Book Reviews -- the Significance of the Media in American History Edited by James D. Startt and Wm. David Sloan

Article excerpt

Startt, James D., and Wm. David Sloan, eds. The Significance of the Media in American History. Northport, AL: Vision Press, 1994. 382 pp. $24.95.

Though many media studies set out to show the impact of the media on American society, the rest of the academy frequently treats journalism merely as a conduit by which the truly significant figures--politicians and business people--can feed information to the public.

James Startt and David Sloan have edited a persuasive volume in which thoughtful media historians have developed studies, built on solid scholarship, testing the media's influence on American society. The book is a worthwhile investment for the introduction alone, where the editors describe clearly and in detail the development of journalism history as a field of study and its current position in the academic community.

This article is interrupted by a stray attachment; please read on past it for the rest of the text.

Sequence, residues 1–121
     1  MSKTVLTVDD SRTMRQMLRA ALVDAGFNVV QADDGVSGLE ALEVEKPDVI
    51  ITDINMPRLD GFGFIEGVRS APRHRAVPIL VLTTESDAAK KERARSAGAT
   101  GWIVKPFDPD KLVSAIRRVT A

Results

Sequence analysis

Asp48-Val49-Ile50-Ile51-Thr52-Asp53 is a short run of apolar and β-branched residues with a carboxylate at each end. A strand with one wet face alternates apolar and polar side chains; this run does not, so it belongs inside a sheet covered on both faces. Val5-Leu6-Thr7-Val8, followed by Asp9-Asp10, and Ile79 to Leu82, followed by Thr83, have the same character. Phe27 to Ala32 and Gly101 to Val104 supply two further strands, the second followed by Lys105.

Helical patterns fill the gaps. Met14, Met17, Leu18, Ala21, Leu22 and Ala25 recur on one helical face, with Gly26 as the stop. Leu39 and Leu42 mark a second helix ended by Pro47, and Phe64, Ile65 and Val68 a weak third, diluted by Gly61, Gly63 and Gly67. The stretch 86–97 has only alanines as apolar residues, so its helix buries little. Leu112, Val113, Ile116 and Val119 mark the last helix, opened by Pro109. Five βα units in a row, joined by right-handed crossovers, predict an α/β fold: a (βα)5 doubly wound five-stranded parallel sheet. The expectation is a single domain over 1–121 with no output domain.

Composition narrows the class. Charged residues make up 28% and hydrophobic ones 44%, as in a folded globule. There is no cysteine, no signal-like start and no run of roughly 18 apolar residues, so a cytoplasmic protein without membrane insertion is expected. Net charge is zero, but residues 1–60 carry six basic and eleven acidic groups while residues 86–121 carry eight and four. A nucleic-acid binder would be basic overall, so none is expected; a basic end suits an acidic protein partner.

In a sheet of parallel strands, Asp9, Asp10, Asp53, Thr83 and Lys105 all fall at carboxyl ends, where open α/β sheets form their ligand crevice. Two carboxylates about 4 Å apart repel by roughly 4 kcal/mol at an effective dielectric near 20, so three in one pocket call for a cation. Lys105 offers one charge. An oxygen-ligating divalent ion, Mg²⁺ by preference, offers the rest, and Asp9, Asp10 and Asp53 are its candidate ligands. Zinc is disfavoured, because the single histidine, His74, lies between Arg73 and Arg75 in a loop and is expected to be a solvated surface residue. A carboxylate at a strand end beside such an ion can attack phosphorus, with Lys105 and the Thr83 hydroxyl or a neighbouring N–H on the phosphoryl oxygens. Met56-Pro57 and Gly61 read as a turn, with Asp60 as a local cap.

The articles include Karen List's essay showing the prescriptive nature of the media's view of "woman's place," using as evidence the women's magazines of the New Republic. James Startt shows how the film news media influenced Americans toward the Allies in World War I, popularizing the war effort but creating an overly idealistic view of its ultimate goal (a "war to end all wars"). The book is wide-ranging, with studies of the diffusion of radio, the "selling" of the American revolution to the colonists, the use of the media to build both geographic and ideological communities, and the use of the media to link science, progress, and democracy as mutually dependent ideals. Perhaps the most entertaining chapter is Bruce Evensen's look at the media and the American character, which he epitomizes in Roaring Twenties newspaper coverage of boxing as a sport. …


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